Cambridge physicist and Astronomer Royal Martin Rees suspects that our universe is one island in an archipelago: “The Fourth Copernican Revolution.”

    * Philip K. Dick


    As we find our place, we might recall that it was on this date in 1884 that 41 delegates from 25 nations, meeting in Washington, DC for the International Meridian Conference, adopted Greenwich as the universal meridian.  They also established that all longitude would be calculated both east and west from this meridian up to 180°.

    PrimeMeridianThm source


  • feedwordpress 05:01:04 on 2018/10/10 Permalink
    Tags: , , Humane Society, , , , premature burial, Richard Blackmore, Science,   

    “The boundaries which divide Life from Death are at best shadowy and vague”*… 




    In the late 18th and early 19th centuries, people worried about the difficulty in measuring the line between life and death. Fearful that loved ones would be buried alive, people attached strings and bells to a finger of a person who appeared dead, so that they could detect any movement and commence or continue resuscitation.

    There were also societies dedicated to the resuscitation of people who appeared to be dead, for example, the Institution of the Humane Society of the Commonwealth of Massachusetts (Humane Society) founded in 1788 and modeled after the Royal Humane Society of London founded in 1774. The Humane Society’s main purpose was to revive those apparently dead. In Boston and along the coastline, their concern lay first and foremost with the drowned. The London Society’s founders claimed that it had been successful in reviving 790 out of 1300 people “apparently dead from drowning.” The men who brought the Institution to Massachusetts hoped to replicate this effort, restoring loved ones to their friends and family members…

    Early attempts to find the line between life and death: “Who is dead?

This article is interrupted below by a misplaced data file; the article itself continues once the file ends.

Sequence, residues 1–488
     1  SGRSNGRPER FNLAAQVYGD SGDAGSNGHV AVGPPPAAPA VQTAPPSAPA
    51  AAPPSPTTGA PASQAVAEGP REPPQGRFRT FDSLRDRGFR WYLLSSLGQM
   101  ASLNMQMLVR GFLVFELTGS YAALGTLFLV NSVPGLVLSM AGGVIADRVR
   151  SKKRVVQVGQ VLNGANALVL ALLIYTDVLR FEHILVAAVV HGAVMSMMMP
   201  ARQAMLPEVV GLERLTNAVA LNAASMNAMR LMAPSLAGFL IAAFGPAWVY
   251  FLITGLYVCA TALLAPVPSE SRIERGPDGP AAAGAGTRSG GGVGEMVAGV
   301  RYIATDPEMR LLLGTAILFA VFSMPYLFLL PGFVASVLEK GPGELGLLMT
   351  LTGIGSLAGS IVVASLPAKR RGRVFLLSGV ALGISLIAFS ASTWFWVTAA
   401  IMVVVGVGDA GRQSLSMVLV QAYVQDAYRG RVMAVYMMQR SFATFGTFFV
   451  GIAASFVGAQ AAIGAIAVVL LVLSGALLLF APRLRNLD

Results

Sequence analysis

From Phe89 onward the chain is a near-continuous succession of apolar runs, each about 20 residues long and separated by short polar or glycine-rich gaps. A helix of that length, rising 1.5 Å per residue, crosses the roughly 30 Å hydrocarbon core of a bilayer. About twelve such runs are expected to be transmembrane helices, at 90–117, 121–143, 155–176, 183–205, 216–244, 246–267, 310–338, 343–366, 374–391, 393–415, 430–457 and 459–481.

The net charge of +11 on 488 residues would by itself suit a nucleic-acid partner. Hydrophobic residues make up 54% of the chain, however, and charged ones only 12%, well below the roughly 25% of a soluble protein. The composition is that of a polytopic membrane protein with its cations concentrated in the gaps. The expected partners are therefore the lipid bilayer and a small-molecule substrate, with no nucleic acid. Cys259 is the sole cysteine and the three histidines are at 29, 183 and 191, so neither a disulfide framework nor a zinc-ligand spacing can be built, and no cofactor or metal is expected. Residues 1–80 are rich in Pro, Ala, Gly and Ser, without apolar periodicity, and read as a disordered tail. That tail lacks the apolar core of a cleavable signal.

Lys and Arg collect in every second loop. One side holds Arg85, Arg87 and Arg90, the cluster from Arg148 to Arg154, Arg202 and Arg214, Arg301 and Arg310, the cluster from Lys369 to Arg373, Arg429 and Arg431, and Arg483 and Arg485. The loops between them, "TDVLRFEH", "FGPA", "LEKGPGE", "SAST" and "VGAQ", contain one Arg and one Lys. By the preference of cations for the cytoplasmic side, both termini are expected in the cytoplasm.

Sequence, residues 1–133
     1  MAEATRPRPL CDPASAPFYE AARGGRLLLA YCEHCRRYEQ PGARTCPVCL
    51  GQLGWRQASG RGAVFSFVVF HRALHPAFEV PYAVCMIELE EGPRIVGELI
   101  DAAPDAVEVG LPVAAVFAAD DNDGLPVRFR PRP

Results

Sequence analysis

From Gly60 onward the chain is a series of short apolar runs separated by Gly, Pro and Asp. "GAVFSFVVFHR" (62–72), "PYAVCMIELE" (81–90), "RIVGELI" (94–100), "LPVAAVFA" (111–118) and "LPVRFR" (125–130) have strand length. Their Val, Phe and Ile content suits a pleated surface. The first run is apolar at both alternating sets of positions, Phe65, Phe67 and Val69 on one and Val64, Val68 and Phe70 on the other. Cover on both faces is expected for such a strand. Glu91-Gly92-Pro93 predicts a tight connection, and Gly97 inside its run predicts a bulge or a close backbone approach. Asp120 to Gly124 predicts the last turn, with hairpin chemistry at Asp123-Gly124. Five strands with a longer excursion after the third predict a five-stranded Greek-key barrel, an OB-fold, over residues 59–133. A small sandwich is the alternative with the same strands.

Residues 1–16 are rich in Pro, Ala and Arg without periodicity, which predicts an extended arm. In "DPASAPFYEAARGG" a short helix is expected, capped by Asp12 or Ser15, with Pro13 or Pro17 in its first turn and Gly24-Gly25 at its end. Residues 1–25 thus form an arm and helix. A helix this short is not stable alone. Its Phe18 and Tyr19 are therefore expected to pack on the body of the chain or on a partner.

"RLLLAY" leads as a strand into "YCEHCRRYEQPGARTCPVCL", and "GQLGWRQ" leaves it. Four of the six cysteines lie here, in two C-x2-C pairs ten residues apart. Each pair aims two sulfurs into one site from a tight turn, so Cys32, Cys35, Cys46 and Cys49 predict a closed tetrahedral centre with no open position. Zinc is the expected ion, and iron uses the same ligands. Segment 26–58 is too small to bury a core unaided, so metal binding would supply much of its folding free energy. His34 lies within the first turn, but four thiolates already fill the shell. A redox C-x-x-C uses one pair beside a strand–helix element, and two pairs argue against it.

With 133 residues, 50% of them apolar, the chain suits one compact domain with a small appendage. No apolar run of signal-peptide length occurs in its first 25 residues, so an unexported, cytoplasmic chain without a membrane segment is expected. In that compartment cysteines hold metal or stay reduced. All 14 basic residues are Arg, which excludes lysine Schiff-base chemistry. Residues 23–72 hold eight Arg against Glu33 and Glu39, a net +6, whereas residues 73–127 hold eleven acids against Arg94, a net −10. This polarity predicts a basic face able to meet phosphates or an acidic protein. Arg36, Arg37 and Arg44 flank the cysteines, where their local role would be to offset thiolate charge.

* Edgar Allan Poe, “The Premature Burial”


    As we take our pulses, we might spare a thought for Sir Richard Blackmore; he died on this date in 1729.  A physician of note, he argued that observation and the physician’s experience should take precedence over any Aristotelian ideals or hypothetical laws, and he rejected Galen’s humour theory. He wrote on plague, smallpox, and consumption.

    But he is best remembered for his passion, poetry.  A supporter of the Glorious Revolution, he wrote Prince Arthur, an Heroick Poem in X Books, a celebration of William III.  Later he authored Blackmore produced The Nature of Man, a physiological/theological poem on climate and character (featuring the English climate as the best), and Creation: A Philosophical Poem.

    While he was praised in his time by John Dennis, Joseph Addison, and, later, Samuel Johnson, history’s verdict has been written by his detractors– main among them Jonathan Swift, Alexander Pope, and John Dryden– all of whom found Blackmore’s poetry “grandeloquent,” “stupid,” and “leaden.”

    (Readers can judge for themselves at the Internet Archive’s collection of his work.)

    440px-Richard_Blackmore source


  • feedwordpress 08:01:03 on 2018/10/02 Permalink
    Tags: camel, , , , Ig Nobel, , Science,